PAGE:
Bone Health Tips Vidalia GA

Women also lose bone mass and density because of the high acidity of the typical Western diet. This forces the body to use dietary minerals—and, in their absence, minerals in the bones—to balance the body's pH level, an equilibrium that's critical for survival.

Kelly O Weselman
(770) 941-8100
3875 Austell Rd
Austell, GA
Specialty
Rheumatology

Data Provided by:
Keith T Rott
(706) 295-5331
1825 Martha Berry Blvd Nw
Rome, GA
Specialty
Rheumatology

Data Provided by:
Ezra Sharon, MD
(713) 927-3523
1541 Briarvista Way NE
Atlanta, GA
Specialties
Internal Medicine, Rheumatology
Gender
Male
Education
Medical School: The Hebrew Univ, Hadassah Med Sch, Jerusalem, Israel
Graduation Year: 1967

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Richard Shafter Field, MD
(706) 828-0043
3126 Exeter Rd
Augusta, GA
Specialties
Internal Medicine, Rheumatology
Gender
Male
Education
Medical School: Med Coll Of Ga Sch Of Med, Augusta Ga 30912
Graduation Year: 1976
Hospital
Hospital: University Hosp, Augusta, Ga
Group Practice: Medical College Of Georgia

Data Provided by:
Daniel W Rahn
(706) 721-2981
1120 15th Street
Augusta, GA
Specialty
Rheumatology

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Donna Lee Gibbas, MD
(404) 634-7556
1740 Century Cir NE Ste 14
Atlanta, GA
Specialties
Pediatrics, Pediatric Rheumatology
Gender
Female
Education
Medical School: Univ Of Md Sch Of Med, Baltimore Md 21201
Graduation Year: 1969

Data Provided by:
Sandy B Carter
(404) 256-9544
755 Mount Vernon Hwy
Atlanta, GA
Specialty
Rheumatology

Data Provided by:
Janet Moira Mc Nicholl, MD
(404) 639-2149
Atlanta, GA
Specialties
Internal Medicine, Rheumatology
Gender
Female
Education
Medical School: Univ Coll Of Galway, Nat'L Univ Of Ireland, Fac Of Med, Galway
Graduation Year: 1983

Data Provided by:
David J Zelman
(770) 496-3549
200 Crescent Center Pkwy
Tucker, GA
Specialty
Rheumatology

Data Provided by:
Larry B Vogler
(404) 727-5740
2015 Upper Gate Dr Ne
Atlanta, GA
Specialty
Rheumatology

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Building Strong Bones

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By James Keough

Theoretically, women should get all the nutrients they need to build and maintain strong bones from their diet, but for myriad reasons, not many do. A spate of new research suggests that most premenopausal women need supplements to ward off osteoporosis later in life. A study from the University of Michigan School of Nursing found that the gradual reduction of estrogen levels that precedes menopause can impair vitamin K’s role in binding calcium to bone. The authors say the current recommended daily intake (RDI) of 1 mg/kg/d—the amount deemed necessary to ensure proper blood clotting—may not be enough for perimenopausal women, but establishing an optimum RDI awaits further research.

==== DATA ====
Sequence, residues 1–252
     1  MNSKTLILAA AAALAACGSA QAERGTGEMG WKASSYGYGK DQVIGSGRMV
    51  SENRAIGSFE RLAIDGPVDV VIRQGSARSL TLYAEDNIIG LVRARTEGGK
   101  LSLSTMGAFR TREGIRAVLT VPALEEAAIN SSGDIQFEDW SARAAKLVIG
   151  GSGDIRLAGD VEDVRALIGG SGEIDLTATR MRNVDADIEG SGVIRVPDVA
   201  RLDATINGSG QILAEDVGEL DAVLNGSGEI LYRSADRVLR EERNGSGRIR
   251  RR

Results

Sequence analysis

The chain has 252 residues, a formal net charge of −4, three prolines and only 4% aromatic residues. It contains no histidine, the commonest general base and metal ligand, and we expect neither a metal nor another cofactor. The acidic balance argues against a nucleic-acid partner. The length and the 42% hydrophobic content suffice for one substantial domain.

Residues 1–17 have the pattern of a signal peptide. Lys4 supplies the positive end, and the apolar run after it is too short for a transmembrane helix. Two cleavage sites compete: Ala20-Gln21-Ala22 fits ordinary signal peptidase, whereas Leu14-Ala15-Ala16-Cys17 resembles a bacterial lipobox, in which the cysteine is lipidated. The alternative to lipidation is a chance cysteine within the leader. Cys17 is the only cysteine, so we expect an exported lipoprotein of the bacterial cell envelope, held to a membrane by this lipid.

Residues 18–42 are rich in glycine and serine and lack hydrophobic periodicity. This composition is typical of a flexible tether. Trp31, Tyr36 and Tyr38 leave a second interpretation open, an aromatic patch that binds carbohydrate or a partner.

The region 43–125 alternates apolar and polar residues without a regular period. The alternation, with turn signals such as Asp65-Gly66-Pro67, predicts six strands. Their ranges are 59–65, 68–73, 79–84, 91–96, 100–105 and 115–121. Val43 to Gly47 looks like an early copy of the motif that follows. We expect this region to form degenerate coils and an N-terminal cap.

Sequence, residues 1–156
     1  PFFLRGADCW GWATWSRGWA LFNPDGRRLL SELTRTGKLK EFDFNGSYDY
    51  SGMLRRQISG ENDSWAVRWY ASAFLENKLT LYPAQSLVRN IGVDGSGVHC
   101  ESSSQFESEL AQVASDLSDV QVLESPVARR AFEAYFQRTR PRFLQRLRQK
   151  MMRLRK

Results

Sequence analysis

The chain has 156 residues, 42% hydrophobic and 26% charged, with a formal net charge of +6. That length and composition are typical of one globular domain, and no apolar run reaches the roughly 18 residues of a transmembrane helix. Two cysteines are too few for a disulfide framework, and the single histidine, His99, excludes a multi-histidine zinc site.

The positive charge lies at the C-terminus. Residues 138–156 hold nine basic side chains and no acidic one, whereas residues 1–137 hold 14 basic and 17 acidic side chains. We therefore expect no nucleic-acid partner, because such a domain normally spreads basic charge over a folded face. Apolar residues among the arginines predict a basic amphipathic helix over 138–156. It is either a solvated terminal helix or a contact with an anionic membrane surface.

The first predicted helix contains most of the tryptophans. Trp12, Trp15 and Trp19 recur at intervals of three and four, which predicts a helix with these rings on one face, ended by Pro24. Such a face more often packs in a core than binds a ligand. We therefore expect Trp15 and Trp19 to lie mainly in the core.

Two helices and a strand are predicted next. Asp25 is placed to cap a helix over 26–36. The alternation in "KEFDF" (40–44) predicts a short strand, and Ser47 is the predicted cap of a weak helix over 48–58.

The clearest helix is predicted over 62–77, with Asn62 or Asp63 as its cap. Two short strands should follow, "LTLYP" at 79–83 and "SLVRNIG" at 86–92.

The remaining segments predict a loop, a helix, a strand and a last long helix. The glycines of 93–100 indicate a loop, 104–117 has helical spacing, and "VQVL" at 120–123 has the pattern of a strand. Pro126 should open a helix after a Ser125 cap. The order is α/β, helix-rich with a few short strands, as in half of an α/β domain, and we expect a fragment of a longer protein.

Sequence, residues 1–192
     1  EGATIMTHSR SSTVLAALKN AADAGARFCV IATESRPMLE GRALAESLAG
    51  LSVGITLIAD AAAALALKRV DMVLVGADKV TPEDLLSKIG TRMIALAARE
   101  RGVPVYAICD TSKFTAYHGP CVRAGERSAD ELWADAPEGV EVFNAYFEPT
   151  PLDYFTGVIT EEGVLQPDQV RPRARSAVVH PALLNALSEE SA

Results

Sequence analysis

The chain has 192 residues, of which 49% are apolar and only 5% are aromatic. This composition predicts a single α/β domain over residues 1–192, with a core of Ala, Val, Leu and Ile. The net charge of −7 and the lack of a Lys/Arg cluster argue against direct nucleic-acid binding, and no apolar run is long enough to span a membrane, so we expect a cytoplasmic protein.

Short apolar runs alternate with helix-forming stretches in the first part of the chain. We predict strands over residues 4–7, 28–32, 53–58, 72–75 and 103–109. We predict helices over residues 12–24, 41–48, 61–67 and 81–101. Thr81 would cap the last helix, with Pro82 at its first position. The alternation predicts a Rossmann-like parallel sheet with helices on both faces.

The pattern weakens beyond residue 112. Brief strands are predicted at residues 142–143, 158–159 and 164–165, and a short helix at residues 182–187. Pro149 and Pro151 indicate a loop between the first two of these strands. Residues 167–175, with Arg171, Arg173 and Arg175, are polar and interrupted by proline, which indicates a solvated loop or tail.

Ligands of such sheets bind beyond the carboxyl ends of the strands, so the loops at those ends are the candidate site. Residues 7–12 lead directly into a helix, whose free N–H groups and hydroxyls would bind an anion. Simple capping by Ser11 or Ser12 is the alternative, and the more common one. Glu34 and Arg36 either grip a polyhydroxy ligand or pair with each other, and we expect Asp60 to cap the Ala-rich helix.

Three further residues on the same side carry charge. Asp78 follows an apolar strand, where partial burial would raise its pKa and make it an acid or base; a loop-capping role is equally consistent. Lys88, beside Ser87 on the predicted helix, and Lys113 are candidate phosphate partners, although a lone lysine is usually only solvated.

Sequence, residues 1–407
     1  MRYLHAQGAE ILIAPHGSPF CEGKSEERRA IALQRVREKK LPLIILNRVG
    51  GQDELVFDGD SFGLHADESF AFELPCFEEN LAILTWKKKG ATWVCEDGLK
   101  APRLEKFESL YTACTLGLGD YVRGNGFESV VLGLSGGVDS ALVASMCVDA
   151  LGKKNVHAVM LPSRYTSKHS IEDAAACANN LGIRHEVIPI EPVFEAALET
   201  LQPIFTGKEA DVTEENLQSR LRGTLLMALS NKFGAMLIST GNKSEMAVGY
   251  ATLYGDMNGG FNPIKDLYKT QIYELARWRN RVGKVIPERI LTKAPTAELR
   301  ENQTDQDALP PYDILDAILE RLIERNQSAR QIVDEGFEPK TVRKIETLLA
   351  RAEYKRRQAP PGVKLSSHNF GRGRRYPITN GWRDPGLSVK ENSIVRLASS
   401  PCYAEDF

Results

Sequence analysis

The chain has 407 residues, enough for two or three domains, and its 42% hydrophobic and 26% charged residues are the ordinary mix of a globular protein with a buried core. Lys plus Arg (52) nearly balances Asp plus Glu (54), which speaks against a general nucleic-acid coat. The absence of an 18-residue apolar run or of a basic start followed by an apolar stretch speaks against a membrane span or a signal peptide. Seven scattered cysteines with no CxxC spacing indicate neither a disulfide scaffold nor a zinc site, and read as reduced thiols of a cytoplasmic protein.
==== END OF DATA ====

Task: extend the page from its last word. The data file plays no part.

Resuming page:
Women also lose bone mass and density because of the high acidity of the typical Western diet. This forces the body to use dietary minerals—and, in their absence, minerals in the bones—to balance the body’s pH level, an equilibrium that’s critical for survival. While dietary changes can reverse this acidosis, new research from Switzerland shows that taking a daily supplement of potassium citrate can improve the bones in postmenopausal women with low bone mass. The women who received the supplement had a significant increase in bone mass density in their lumbar spine and hips compared with women who received potassium chloride supplements. The difference indicates that the alkaline nature of the potassium citrate supplement improves bone health independent of the bone-building effects of potassium alone.

Chronic inflammation, another by-product of our Western diet, weakens bones by forcing the body’s osteoclasts, the cells that degrade and reabsorb bone, into overdrive. This accelerates the loss of minerals the body socked away during its youth. In a study on mice, researchers at the University of Texas in San Antonio found that supplementing with conjugated linoleic acid (CLA) put the brakes on the osteoclasts and slowed down the loss of bone (and muscle) mass. CLA, a compound formed from plant fatty acids, occurs naturally in dairy products and meat.

Dietary changes can prove difficult to make—just ask anyone trying to lose weight—but women who are concerned about osteoporosis can take a simple step toward bone health: Stop drinking colas. It doesn’t seem to matter if the sodas are diet, regular, or decaffeinated, says a study in the American Journal of Clinical Nutrition. Women 60 or older who drink cola had lower bone mass than those who didn’t, and the loss became greater with each additional can. Still need that carbonated pick-me-up? Noncola soft drinks appear to be bone-friendly.

Author: James Keough

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